Why the U.S. is not ready for Elizabeth Warren
Senator Warren has announced an "exploratory committee" for a possible presidential candidacy. The reactions of the media and national observers show that the…
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While many Democrats are debating the possibility of launching a 2020 presidential bid, Senator Elizabeth Warren's announcement that she will be creating an "exploratory committee" for a "possible campaign" is likely synonymous with "definite campaign."
Warren is the first high-ranking Democrat to announce that the presidency is on her horizon, and her performance in politics since 2008 has paved the way for this moment.
"I never thought that I would run for anything ever in my life," the Senator told the media after launching her campaign. "But America’s middle class is getting hollowed out, and the opportunities of too many of our young people are shrinking, so I’m in this fight all the way.”
Warren's announcement has faced a wide range of reactions, from timid support to strong skepticism.
The Hill, for example, has ranked its top 10 potential Democratic presidential candidates - Texas representative Beto O'Rourke tops the list, followed by Bernie Sanders, the independent senator from Vermont. Warren clocks in at fifth, a number fairly representative of the general appreciation of her candidacy.
The New York Times has called her "the favorite target of conservatives,” coinciding with opinion laid out in the Washington Post. In addition, media outlets such as CNN and the Boston Globe simply hint that her profile is more "divisive" than actually encouraging for the Democratic base.
But, for Peter Beinart, a professor of journalism at the City University of New York, the interpretation of Warren's candidacy by the media creates "a false narrative" when it comes to placing things in perspective.
In his column for The Atlantic, Beinart differentiates the clear facts - that Warren is liberal, she did not handle the issue with her Native American heritage well, and she has attacked Trump aggressively and constantly – from the reality that causes much antipathy among conservatives: she is a woman.
When Beinart argues this thesis, what really echoes this assumption are the facts borne out by recent political developments in the country, from Hillary Clinton's unsuccessful run, to Nancy Pelosi's power struggle in Congress and the aggressiveness against Alexandria Ocasio-Cortez.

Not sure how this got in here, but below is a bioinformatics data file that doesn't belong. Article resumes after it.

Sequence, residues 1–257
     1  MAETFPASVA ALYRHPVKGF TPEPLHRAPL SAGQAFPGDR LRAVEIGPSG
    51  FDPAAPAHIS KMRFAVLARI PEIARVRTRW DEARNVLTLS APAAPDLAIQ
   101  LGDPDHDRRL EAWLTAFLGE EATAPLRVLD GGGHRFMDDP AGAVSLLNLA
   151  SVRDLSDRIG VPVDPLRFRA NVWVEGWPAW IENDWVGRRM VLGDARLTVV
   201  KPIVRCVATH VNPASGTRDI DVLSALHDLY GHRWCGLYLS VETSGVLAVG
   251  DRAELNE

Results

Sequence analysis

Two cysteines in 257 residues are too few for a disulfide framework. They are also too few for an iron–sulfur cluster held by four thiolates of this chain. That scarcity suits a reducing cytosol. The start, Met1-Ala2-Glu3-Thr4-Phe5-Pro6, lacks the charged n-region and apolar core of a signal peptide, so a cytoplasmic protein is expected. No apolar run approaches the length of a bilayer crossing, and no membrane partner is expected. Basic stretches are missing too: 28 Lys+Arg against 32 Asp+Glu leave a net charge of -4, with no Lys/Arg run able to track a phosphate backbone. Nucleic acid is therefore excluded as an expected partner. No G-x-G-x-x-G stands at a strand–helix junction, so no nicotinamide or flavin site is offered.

Perhaps what is evident is that the country is not only not prepared for a female president, but it's not ready for a progressive president at all.
While platforms similar to the one championed by Bernie Sanders - grassroots politics, tuition-free education, and universal healthcare, for example - have gained traction, there is still a long way to go when it comes to considering the United States outside of the traditional two-party system.
In her campaign video, Warren advocates for equal opportunities, an inclusive society, rights for the middle class and, fundamentally, for an open and frontal struggle against the upper class, Wall Street and a Washington functioning only for a few folks - issues that give nightmares to any Republican.
Yet Sanders, who shares virtually all of these ideas, is ahead of Warren with 28 points of approval, according to CNN polls.
In the end, the problem remains the same as anticipated in the midterm elections: there are many Democrats likely gearing up to challenge Trump in 2020. However, to find one strong enough to attract the massive wave of votes needed to beat him will be increasingly difficult, especially if the country is not prepared for it.